The cardiovascular theme aims to prevent premature death and reduce the severity of illness due to heart diseases through: early diagnosis, improving the ways to predict which patients are at high risk; better understanding of disease progression, and identifying efficient therapies and personalising treatments so they are more effective for the individual.
We do this through use of advanced technologies, data integration and analytics to better understand disease mechanisms, improve risk stratification and develop targeted interventions based on disease endotypes. We collaborate with national and international partners, including industry, and incorporate meaningful patient and public involvement, engagement and participation at all stages.
Our core research areas
- Heart Failure and multimorbidities, or multiple long term conditions (MLTC)
- Vascular Diseases
- Cardiac Surgery
- Rarer coronary syndromes -in particular SCAD
We aim to:
- Continue our genomic discovery programmes in common and rarer cardiovascular diseases to further our understanding of the real-world benefits of cardiovascular diseases polygenic risk scores (PRSs).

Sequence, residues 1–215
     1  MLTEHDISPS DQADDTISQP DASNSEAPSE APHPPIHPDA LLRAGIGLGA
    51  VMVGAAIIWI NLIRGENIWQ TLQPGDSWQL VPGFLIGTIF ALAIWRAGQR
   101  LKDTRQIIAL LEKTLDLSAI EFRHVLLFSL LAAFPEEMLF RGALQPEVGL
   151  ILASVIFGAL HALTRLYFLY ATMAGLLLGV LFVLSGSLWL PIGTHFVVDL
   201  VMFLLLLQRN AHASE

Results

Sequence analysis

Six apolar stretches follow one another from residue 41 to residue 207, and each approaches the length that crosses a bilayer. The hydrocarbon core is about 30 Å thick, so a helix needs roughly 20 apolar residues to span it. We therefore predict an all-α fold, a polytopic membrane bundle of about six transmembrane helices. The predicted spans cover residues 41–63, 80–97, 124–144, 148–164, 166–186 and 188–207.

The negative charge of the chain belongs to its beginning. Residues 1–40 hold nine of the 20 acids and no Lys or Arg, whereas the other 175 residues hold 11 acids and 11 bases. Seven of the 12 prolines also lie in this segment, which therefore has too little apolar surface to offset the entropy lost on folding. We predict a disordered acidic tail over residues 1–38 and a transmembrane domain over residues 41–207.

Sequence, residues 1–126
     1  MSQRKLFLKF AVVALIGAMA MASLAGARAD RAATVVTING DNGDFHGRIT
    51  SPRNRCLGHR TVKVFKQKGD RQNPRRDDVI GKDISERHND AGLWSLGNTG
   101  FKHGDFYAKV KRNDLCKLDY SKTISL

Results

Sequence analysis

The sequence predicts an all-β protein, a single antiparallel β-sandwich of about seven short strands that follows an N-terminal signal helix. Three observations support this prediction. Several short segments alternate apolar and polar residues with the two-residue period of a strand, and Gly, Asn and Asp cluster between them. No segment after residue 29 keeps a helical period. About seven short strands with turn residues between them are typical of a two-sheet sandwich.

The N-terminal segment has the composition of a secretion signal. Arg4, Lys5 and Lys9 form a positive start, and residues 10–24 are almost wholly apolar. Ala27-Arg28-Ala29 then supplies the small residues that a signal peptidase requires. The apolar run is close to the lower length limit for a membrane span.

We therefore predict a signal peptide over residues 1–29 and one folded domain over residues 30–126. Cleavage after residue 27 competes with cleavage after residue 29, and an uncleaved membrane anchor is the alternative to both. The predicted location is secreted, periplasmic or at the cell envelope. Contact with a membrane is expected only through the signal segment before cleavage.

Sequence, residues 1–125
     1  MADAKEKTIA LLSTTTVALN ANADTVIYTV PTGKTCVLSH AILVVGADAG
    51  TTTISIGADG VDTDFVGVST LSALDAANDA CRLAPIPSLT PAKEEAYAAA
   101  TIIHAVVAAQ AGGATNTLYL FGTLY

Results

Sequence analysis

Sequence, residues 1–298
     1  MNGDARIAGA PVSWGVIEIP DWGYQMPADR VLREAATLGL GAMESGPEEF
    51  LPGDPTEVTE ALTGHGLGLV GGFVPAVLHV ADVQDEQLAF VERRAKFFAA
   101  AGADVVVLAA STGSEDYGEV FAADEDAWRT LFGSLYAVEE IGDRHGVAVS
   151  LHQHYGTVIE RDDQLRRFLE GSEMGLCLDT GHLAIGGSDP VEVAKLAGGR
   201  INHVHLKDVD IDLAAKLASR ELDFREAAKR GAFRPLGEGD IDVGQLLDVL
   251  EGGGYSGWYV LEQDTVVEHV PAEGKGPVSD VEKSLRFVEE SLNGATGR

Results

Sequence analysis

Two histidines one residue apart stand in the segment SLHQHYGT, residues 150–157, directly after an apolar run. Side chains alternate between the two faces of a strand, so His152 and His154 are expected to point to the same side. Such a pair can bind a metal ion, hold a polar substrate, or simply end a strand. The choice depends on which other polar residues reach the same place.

- Understand the genetic, lifestyle and environmental determinants and clinical consequences of telomere length variation to develop novel strategies to help prevent or improve age-associated diseases.
- Apply novel techniques and multi-organ imaging to better characterise cardiovascular diseases and improve diagnostic accuracy.
- Identify candidate pathways associated with improved ejection fraction, using multi-omic phenotyping of existing cohorts.
- Develop non-invasive markers using exercise and artificial intelligence and assess whether they can predict ventricular arrhythmia events and improve risk stratification.
- Develop interventions for frailty and cognitive impairment and a self-management intervention to improve cardiovascular risk in people with peripheral arterial diseases.
- Investigate molecular phenotypes associated with post-cardiac surgery organ injury, test interventions targeting energy availability to reduce organ injury in the elderly MLTC phenogroup.
- Extend our understanding of Spontaneous coronary artery disease by combining large UK/European registries with deep phenotyping studies, and build on our genetic studies to identify therapeutic targets to reduce the risk of SCAD.
- Integrate studies and develop acute stroke phenotyping using large datasets coupled with artificial intelligence/multivariate clustering techniques to better risk stratify, and develop clinical interventions to improve stroke outcomes.